people might find it interesting.

    --
    Richard Heathfield :
    "Usenet is a strange place." - Dennis M Ritchie, 29 July 1999.
    C FAQ: http://www.eskimo.com/~scs/C-faq/top.html
    K&R answers, C books, etc: http://users.powernet.co.uk/eton
     
    Richard Heathfield, Sep 1, 2003
    #8
  9. Richard Heathfield wrote:

    >
    > Note that your demo program doesn't meet the requirements of the question,
    > which nowhere mentions char *s[10]. Still, never mind that. Observe:
    >
    > > cat foo.c
    > #include <stdio.h>
    >
    > void foo(char **r, char *s[], char *t[10]) {
    > printf("sizeof r = %lu\n", (unsigned long)sizeof r);
    > printf("sizeof s = %lu\n", (unsigned long)sizeof s);
    > printf("sizeof t = %lu\n", (unsigned long)sizeof t);
    > }
    >
    > int main(int argc, char* argv[]) {
    > if(argc >= 10) {
    > foo(argv, argv, argv);
    > }
    > else {
    > char *tmp[10];
    > foo(argv, argv, tmp);
    > }
    > return 0;
    > }
    >
    > > ./foo 1 2 3 4 5 6 7 8 9 10
    > sizeof r = 4
    > sizeof s = 4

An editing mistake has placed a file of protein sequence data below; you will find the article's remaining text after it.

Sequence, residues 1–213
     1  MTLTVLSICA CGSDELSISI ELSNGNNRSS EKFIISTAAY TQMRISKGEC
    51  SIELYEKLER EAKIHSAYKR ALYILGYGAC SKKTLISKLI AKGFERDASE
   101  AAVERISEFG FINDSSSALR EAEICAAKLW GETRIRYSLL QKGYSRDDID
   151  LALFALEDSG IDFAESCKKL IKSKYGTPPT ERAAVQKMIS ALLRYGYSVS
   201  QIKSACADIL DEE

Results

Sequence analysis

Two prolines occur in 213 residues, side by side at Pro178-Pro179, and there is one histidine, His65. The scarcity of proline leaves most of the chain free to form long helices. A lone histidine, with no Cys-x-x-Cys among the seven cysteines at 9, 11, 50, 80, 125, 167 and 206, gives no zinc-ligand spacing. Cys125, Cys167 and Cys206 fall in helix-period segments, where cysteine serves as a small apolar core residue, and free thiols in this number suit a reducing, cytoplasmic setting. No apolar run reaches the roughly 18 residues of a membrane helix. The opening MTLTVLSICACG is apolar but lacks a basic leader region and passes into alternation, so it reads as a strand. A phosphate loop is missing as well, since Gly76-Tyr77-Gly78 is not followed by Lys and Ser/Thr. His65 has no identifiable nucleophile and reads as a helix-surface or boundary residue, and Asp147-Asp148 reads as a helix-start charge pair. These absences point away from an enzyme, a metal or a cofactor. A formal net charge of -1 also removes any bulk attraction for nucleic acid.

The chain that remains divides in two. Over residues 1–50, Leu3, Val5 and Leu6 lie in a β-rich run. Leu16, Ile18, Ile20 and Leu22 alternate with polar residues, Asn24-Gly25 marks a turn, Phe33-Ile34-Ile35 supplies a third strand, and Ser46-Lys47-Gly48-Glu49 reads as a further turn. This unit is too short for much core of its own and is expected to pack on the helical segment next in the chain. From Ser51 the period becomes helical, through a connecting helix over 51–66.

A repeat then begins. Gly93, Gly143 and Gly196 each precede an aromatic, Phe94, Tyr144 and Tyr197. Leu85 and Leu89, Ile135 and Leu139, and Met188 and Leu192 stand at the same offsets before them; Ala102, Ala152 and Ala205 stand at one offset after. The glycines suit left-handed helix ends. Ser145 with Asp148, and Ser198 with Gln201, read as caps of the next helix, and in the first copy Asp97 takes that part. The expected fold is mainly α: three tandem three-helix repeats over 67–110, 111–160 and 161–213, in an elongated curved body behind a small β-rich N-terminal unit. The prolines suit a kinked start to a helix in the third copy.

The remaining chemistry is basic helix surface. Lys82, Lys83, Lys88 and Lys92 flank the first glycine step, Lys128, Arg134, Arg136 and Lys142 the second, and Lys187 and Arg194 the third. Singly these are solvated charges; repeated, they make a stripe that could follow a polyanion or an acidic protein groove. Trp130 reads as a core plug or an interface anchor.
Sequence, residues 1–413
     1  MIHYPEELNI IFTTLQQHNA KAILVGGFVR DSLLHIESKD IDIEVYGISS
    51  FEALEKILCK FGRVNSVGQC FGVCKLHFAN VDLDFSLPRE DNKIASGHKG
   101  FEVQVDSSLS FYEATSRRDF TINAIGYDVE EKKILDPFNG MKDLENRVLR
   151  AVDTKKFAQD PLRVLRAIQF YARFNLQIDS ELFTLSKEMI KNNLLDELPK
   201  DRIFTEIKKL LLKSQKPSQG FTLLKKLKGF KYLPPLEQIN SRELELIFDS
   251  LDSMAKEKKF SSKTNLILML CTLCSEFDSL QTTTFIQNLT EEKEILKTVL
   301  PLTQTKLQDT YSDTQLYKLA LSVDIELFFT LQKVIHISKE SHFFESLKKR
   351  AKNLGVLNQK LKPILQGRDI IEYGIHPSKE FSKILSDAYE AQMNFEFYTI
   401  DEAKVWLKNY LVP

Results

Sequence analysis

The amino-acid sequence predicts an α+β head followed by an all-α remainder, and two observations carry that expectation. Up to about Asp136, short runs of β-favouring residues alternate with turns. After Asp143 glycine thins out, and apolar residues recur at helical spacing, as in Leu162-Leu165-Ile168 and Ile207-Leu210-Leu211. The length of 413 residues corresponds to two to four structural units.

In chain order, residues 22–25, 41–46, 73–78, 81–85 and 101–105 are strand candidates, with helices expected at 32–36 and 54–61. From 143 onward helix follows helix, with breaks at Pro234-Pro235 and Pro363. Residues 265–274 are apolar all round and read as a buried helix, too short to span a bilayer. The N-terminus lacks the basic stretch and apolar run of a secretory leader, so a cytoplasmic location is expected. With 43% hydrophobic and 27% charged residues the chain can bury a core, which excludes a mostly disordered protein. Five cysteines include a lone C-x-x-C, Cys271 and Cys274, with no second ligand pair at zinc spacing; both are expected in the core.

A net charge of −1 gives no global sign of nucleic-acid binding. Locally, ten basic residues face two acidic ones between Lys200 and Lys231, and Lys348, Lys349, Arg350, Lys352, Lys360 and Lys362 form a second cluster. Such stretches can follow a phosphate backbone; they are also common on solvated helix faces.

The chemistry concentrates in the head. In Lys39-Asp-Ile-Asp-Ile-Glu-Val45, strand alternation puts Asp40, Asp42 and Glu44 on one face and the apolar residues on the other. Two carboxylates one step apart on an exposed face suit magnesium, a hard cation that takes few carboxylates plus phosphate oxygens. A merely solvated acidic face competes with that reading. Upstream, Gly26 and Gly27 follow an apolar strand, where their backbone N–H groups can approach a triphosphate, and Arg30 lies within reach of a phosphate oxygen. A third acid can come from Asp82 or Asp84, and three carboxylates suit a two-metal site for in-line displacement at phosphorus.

> sizeof t = 4
    >
    > Now for some history.
    > Here are the first few lines of the source code
    > from a ***very*** early C compiler.
    > Regular readers will note the irony of my quoting from it:
    >
    > /* C compiler
    >
    > Copyright 1972 Bell Telephone Laboratories, Inc.
    >
    > */
    >
    > ossiz 250;
    > ospace() {} /* fake */
    >
    > init(s, t)
    > char s[]; {
    > extern lookup, symbuf, namsiz;
    > char symbuf[], sp[];
    > int np[], i;
    >
    > i = namsiz;
    > sp = symbuf;
    > while(i--)
    > if ((*sp++ = *s++)=='\0') --s;
    > np = lookup();
    > *np++ = 1;
    > *np = t;
    > }
    >
    > Note the usage of np, which is defined as int np[], and used like this:
    > *np++ = 1;
    >
    > Clearly, this is pointer syntax. [] was, in fact, used for pointer notation
    > early in C's development. Eventually, it was changed
    > but the usage of [] in function parameter lists lives on.
    > It /still/ means pointer, in that context.
    >
    > Brian W Kernighan writes, in K&R2 starting at the foot of p99,
    > "As formal parameters in a function definition,
    > char s[]; and char *s; are equivalent; we prefer the latter